What about Jekyll or Rails? If we shouldn’t use Bundler to generate new projects with them, does that mean Bundler isn’t needed to continue building the Rails app or Jekyll site? No, you will definitely use Bundler going forward. That is how you continue to manage the gems by installing new ones or upgrading existing ones. The benefit of having the Gemfile in the project is that anytime Sally makes a change to the Gemfile, all that Harry needs to do is run bundle install, and they will both be using the same gems with the same versions.

Now we can move on to step 8 in the GitHub article. It says to open the Gemfile that was created (when we ran jekyll new .) and to follow the instructions in the Gemfile’s comments to use GitHub Pages, and then the article has a screenshot of the section of the Gemfile related to GitHub Pages. This might be clear if you are experienced, but not for beginners. Some people didn’t understand that they had to make changes to the Gemfile, or didn’t know how to, and they tried to run bundle update github-pages that is mentioned in the Gemfile screenshot. This results in this error:

Could not find gem 'github-pages'.

Similarly, running bundle install will not install the github-pages gem because it’s not enabled by default in the Gemfile. In Ruby, any code that is preceded with a # is considered a comment, and will not be run. When the instructions say to “uncomment the line below”, they mean to remove the # so that the line looks like this in the Gemfile:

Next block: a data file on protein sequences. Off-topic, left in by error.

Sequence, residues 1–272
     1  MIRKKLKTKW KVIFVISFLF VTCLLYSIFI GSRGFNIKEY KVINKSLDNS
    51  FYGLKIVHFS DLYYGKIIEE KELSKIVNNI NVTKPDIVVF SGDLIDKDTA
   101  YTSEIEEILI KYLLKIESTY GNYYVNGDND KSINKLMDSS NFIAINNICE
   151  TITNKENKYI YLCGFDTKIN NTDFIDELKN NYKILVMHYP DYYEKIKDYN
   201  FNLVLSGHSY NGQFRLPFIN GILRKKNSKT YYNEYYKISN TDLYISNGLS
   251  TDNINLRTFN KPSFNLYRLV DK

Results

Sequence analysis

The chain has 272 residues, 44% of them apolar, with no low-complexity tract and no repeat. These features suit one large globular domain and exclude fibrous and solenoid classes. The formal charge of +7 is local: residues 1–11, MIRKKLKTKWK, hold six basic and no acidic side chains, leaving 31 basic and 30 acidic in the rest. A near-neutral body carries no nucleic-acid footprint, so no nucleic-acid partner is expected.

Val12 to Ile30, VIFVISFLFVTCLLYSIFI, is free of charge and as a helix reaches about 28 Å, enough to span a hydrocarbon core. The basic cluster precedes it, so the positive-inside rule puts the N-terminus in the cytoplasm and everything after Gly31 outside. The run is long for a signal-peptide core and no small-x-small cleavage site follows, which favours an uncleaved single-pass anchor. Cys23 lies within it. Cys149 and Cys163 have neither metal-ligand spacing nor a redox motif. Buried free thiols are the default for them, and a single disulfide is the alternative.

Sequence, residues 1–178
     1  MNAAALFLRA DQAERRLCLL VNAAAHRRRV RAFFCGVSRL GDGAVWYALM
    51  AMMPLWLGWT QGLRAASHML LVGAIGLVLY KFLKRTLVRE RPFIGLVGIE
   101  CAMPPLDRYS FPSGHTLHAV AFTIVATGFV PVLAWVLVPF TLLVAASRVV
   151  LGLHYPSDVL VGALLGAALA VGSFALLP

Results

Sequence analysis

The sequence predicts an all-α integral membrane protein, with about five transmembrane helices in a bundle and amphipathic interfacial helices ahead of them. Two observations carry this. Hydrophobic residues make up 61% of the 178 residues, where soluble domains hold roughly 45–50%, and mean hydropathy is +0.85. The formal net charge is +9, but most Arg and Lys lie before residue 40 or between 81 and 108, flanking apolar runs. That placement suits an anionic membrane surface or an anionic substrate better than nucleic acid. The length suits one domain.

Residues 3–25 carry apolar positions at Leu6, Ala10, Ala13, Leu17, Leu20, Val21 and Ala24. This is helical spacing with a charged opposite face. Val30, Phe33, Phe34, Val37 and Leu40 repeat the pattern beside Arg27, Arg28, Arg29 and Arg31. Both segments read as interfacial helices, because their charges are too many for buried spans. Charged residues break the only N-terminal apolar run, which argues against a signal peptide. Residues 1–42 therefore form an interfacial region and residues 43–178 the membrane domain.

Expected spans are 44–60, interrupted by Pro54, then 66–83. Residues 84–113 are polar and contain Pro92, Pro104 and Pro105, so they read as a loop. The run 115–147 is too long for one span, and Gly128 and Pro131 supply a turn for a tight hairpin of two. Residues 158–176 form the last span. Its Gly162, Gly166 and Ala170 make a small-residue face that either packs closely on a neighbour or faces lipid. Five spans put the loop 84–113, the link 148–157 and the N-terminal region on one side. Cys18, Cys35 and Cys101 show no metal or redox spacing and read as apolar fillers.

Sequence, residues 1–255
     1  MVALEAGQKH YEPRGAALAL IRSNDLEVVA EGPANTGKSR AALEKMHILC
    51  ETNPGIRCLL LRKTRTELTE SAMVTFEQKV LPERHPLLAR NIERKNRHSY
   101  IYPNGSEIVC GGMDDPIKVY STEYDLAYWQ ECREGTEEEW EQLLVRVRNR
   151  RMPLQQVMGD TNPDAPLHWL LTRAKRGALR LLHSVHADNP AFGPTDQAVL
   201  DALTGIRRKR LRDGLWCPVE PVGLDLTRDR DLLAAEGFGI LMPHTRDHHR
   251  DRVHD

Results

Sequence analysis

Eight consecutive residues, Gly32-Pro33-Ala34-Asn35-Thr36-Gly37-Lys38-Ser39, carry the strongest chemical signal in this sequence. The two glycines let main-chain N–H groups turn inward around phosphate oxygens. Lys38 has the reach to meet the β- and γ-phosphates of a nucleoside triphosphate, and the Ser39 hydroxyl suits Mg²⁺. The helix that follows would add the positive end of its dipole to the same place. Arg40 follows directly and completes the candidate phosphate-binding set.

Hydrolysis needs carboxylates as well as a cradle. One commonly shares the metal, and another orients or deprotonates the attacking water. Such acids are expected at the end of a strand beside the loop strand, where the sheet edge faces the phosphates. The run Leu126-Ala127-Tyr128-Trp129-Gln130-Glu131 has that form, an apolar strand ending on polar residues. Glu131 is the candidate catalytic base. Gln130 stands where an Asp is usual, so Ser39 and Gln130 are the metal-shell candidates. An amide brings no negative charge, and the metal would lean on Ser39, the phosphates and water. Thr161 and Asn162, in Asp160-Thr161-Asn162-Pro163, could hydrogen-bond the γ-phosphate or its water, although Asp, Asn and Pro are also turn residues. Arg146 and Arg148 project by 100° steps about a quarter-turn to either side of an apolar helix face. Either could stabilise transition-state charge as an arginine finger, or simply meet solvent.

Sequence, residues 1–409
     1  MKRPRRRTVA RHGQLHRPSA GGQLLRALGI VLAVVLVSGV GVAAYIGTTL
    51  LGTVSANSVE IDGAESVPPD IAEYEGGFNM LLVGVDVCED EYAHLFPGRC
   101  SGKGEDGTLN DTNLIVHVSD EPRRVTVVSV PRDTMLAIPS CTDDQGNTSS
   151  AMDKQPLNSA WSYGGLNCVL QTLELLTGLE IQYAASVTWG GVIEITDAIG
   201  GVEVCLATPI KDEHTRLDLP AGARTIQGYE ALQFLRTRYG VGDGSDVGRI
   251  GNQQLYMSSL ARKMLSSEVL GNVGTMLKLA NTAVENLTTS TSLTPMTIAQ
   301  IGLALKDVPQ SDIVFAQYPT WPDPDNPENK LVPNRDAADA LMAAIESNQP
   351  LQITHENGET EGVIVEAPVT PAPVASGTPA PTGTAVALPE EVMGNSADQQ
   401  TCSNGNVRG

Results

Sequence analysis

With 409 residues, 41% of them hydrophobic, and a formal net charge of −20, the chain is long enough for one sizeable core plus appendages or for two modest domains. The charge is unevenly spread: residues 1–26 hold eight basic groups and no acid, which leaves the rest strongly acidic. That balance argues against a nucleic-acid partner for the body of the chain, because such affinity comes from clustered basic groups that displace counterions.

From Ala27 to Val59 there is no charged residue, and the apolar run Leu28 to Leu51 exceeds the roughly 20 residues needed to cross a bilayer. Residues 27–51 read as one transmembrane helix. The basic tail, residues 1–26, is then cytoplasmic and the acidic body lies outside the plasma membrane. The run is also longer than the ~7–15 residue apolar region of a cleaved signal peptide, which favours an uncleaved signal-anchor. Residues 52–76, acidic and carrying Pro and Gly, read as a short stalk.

gem "github-pages", group: :jekyll_plugins

And then step 9 says to specify a version number for github-pages. As of today, the latest version, which you can always check on Rubygems, is 209, so we update the line to look like this:

gem "github-pages", "~> 209", group: :jekyll_plugins

In addition, the instructions say to remove the "gem "jekyll"" above. Why is that? Don’t we need the jekyll gem to run a Jekyll site? Well, let’s see what happens if we don’t remove that line. Now that both the github-pages and jekyll gems are enabled in our Gemfile, let’s try to install github-pages:

bundle install

We get a conflict!

Fetching gem metadata from
Fetching gem metadata from
Resolving dependencies...
Bundler could not find compatible versions for gem "jekyll":
  In snapshot (Gemfile.lock):
    jekyll (= 4.2.0)

  In Gemfile:
    jekyll (~> 4.2.0) x86_64-darwin-19

    github-pages (~> 209) x86_64-darwin-19 was resolved to 209, which depends on
      jekyll (= 3.9.0)

Running `bundle update` will rebuild your snapshot from scratch, using only
the gems in your Gemfile, which may resolve the conflict.

What this means is that the github-pages gem depends on a specific version of the jekyll gem. It has to be exactly 3.9.0, which is what the = sign means. But we also have a line in the Gemfile that says that we want any version of jekyll that is at least 4.2.0, but less than 4.3. That is what the ~> sign means. If it said ~> 4.2, that would mean any 4.x version greater than or equal to 4.2. The technical term for ~> in Ruby is the “pessimistic operator”.

Another thing we can learn from this is that a gem listed in the Gemfile is not necessarily a single gem. Gems often depend on other gems, so when you are installing Jekyll, you are also installing a bunch of other gems. You can see the full list of gems required by your Ruby project by looking at the file called Gemfile.lock, which gets automatically generated and updated when you install and update gems with Bundler.